Playing the piano should be fun. It is also a mentally and physically demanding activity. Regular and consistent practice is essential to making progress in music, so it is important to schedule a regular daily practice time. For some students, this may be before school. Practice time should focus on currently assigned pieces, warm-ups, and theory activities. Playing familiar pieces is encouraged, but shouldn't replace learning new material.
Students need family support to encourage and ensure adequate practice time. Students who review their piano assignments with an adult will benefit greatly. Please inform your nanny or babysitter if a parent cannot be home during regularly scheduled practice times.
I understand that some weeks have more activities that compete with practice time than others. Prior to your child’s lesson, please inform me if you have had any major conflicts with practicing on a given week. This will help me plan for the lesson accordingly and avoid unnecessary conversations about the importance of practicing.
I hope that you will consider piano lessons equal to athletic meets, games, and other extracurricular events. Try to make practicing a positive experience rather than a punishment. Eliminate distractions such as television, computers, and phones during practice time.
Please call or email me if there is an assignment that is unclear. I can often clear up the confusion before the next lesson.
I realized that for many students it's easier to turn on the television or play a video game then it is to listen to music. Actively listening to music is of equal importance to practicing. Please teach younger students how to play an mp3, CD, or tune in a station on the radio.
Attending concerts, listening to CDs, mp3s, the radio, and even YouTube helps to develop a young musician's understanding of music. In the modern age, listening to classic artists and recordings has become more convenient with subscription sites like Rhapsody, Spotify, Pandora and iTunes.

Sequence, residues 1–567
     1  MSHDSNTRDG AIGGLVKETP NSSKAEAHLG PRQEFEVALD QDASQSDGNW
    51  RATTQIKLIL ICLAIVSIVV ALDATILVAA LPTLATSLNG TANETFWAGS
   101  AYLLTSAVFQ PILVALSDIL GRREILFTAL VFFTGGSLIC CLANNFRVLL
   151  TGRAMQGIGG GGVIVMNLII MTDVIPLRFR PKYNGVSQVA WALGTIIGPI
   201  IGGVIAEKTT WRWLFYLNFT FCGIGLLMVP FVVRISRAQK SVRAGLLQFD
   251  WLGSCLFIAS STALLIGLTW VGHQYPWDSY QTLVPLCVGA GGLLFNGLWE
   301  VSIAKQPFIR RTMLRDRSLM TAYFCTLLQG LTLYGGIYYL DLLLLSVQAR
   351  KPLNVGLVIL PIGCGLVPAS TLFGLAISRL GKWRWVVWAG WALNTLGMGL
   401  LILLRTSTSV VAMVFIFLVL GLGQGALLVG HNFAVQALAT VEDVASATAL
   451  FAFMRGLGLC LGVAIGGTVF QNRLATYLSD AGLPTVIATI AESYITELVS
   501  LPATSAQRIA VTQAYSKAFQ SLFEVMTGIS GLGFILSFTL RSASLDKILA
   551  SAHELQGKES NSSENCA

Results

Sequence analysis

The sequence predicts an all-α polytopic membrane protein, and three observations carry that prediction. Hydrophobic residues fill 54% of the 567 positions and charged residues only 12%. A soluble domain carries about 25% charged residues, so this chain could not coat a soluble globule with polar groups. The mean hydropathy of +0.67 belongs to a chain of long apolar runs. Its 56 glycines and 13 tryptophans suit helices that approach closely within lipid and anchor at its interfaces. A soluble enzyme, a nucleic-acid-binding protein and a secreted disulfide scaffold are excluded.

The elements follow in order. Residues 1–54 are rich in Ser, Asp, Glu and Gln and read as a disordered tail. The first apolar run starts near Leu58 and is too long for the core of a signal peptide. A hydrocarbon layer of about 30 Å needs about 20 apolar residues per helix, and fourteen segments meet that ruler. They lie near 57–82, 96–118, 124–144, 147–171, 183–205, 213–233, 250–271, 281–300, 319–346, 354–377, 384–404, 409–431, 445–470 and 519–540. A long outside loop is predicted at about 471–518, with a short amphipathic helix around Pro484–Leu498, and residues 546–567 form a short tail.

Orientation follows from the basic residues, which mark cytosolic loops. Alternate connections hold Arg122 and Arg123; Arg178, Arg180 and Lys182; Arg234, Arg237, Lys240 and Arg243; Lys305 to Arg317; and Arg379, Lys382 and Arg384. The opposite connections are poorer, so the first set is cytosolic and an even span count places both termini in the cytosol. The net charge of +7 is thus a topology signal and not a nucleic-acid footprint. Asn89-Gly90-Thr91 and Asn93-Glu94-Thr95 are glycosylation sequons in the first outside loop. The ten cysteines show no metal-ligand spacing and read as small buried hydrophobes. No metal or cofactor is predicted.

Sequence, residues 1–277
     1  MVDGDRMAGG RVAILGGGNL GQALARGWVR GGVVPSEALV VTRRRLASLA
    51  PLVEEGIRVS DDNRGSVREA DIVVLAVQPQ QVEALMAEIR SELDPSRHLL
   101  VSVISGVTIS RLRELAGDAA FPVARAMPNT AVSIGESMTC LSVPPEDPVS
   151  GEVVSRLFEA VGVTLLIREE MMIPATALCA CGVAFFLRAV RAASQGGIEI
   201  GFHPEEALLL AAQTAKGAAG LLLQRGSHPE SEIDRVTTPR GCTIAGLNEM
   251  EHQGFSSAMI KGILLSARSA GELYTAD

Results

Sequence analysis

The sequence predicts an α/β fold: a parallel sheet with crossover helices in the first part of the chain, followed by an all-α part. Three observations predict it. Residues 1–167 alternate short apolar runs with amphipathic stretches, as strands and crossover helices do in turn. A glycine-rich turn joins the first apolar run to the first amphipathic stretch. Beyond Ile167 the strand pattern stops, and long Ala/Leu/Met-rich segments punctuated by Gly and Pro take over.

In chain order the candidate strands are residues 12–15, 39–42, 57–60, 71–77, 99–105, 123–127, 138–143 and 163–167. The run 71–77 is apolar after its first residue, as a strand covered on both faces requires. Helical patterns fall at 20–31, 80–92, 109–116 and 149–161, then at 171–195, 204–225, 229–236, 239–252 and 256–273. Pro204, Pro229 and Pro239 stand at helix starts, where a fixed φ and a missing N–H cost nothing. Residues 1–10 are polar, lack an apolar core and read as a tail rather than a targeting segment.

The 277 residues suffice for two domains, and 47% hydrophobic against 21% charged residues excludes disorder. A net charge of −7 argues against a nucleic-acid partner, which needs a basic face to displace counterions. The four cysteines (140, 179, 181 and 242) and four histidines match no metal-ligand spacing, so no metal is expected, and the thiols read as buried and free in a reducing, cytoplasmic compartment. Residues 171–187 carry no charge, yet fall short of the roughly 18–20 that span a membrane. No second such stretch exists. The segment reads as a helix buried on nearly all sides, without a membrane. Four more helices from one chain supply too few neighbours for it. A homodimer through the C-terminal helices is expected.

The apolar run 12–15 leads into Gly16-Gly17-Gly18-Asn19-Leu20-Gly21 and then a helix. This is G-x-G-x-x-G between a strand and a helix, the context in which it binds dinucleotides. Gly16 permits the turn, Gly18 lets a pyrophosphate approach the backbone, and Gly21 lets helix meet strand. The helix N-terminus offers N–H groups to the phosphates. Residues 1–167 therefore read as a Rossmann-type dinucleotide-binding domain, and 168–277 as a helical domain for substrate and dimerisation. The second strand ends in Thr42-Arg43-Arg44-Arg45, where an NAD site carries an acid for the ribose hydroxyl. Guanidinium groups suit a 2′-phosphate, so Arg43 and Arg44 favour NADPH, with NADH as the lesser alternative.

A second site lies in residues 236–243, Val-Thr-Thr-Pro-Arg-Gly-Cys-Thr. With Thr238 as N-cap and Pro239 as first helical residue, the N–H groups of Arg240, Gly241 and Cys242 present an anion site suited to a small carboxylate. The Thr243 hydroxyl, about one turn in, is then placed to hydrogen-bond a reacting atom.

Madison has frequent performances of professional orchestras, operas, musicals, chamber music and popular music. Please help students take advantage of the resources you have at home and in our city.
This is a great article. The final 1/4 of the article describes the technique that I call "chunking" Using pennies (or erasers) to encourage repetition and mastery of small sections of music.
This article is about "true grit" - a necessity for any pursuit that involves perseverance, including music!
One of my teaching colleagues, Nate Shaw, recently wrote about some practicing myths. I think he makes some good points:
Why do some students seem to practice willfully, while others fight it like it's more math homework? Well, I am here to help dispel a few myths about practicing, as well as give our view on how to develop life-long learners...which is really what we hope for.
Myth #1: Some kids are just born good practicers. NOT TRUE. No child is born a practicer. Not Mozart, not your child. Instead, kids develop patterns of practicing. We become experts based on our habits. Practicing can become a habit. Learning can become a habit.
Myth #2: My child needs to practice at least an hour a day to get good. NOT TRUE. In fact, in the first two to three years, playing an hour a day might have the opposite affect, if the student grows to resent the time commitment and eventually quits. A student benefits greatly from small, bite-size learning opportunities (10 to 15 minutes) at regular intervals (5 days out of each week). We highly recommend setting the same time every day and using a timer to start and stop each session.
Myth #3: Every practice session needs to be productive. I should hear music being played. NOT TRUE. The practice time for a child (and for an adult for that matter) is 100% his or her time. It is time to interpret the goals of the week that the teacher and the student have set. And you, the parent, are not expected to always be able to clearly understand the game or exercise your child is tackling. And, this is key... Sometimes a student may just improvise for 10 minutes, and that is OK. He or she is building a unique relationship with music, and allowing the student to own that practice time (even if letting go requires extra patience on your part) is essential to the process.